Toyota is the latest company to join the non-profit Linux Foundation, which is dedicated to accelerating the growth of the open-source operating system.
The car maker said it was joining the Linux Foundation as a Gold member to maximise its own investment in Linux "while fostering open innovation throughout the automotive ecosystem".
As a Gold member, Toyota is one of the few major members of the Linux Foundation that is not mainly a technology supplier. Other large group members include Google, BT, Fujitsu, Hitachi, HP, Oracle, Intel, IBM and Nokia.
"Linux gives us the flexibility and technology maturity we require to evolve our in-vehicle-infotainment (IVI) and communications systems to address the expectations of our customers," said Kenichi Murata, project general manager for electronics development at Toyota.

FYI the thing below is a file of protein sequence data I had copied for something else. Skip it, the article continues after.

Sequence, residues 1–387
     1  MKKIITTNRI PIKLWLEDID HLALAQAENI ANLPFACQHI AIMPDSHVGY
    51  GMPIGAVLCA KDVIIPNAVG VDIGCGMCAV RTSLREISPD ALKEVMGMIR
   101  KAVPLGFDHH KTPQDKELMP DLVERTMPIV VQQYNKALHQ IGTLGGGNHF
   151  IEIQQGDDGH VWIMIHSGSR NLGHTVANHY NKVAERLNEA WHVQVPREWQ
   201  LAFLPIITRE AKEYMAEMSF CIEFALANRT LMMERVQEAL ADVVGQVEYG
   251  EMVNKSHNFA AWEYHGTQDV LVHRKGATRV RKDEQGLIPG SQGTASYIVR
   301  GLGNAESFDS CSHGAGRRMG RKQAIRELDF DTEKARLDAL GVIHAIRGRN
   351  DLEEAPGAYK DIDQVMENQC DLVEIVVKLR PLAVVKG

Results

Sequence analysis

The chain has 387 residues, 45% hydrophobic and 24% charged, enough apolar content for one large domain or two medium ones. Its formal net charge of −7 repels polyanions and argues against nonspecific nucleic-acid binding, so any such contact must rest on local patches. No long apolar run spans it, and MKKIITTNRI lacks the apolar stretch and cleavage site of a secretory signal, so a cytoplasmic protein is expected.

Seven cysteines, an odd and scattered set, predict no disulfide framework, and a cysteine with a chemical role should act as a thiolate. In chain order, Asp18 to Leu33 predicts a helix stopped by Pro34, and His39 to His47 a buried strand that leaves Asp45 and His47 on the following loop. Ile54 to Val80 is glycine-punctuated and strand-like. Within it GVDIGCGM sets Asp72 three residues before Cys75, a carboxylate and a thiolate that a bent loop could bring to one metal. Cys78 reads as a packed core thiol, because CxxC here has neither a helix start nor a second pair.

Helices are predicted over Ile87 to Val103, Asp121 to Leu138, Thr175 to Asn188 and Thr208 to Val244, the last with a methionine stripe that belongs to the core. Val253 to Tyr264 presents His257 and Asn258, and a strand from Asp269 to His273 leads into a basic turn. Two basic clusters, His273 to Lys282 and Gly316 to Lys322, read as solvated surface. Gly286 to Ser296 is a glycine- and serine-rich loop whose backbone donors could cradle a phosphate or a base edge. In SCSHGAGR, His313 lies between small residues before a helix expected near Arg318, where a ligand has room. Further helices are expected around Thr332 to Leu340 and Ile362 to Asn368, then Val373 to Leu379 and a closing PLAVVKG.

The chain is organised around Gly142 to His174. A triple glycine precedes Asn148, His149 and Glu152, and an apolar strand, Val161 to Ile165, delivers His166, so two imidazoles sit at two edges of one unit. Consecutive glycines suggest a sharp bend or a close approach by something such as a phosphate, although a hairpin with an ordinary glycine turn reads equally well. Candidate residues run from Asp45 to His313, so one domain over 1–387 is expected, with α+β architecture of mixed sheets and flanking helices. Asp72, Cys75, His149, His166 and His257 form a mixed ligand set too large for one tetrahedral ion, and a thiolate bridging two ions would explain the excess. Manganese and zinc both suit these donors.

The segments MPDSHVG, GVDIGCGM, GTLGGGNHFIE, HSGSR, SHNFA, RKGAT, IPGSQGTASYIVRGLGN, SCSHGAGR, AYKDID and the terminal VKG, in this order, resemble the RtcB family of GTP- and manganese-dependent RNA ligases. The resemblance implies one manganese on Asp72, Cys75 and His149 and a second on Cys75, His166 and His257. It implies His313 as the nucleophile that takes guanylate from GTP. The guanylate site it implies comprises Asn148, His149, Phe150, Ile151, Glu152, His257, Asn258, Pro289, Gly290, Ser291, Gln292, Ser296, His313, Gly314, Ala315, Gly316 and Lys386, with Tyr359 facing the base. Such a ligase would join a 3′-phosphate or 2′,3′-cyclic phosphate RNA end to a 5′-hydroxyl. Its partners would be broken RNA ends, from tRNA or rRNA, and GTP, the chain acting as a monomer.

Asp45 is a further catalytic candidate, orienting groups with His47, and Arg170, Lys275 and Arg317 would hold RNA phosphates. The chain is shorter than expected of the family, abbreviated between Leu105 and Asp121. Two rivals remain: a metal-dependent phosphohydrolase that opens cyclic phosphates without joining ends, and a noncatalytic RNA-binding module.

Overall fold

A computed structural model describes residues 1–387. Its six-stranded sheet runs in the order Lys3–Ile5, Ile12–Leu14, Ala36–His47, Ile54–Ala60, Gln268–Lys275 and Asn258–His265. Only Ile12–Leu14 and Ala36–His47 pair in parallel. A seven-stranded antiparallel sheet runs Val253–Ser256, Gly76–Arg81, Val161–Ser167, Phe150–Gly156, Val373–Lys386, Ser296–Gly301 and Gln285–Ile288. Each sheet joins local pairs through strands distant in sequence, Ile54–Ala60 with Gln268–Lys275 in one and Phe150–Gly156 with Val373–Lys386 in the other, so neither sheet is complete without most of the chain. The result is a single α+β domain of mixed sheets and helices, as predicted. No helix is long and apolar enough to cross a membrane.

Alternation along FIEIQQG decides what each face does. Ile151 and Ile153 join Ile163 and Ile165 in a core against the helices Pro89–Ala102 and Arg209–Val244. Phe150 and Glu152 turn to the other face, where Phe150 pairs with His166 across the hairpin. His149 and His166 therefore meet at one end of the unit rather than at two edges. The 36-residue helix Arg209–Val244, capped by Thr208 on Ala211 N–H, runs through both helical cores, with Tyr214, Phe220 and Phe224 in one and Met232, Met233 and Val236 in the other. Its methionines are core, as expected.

Murata said the Linux Foundation "provides us with a neutral forum in which we can collaborate with the world's leading technology companies on open innovation that accelerates that evolution."
Jim Zemlin, executive director of the Linux Foundation, said, "Toyota's leadership and proven innovation will bring important contributions to the advancement of Linux. The firm's investment in Linux is a testament to the ubiquity of the operating system and its ability to support the latest market requirements."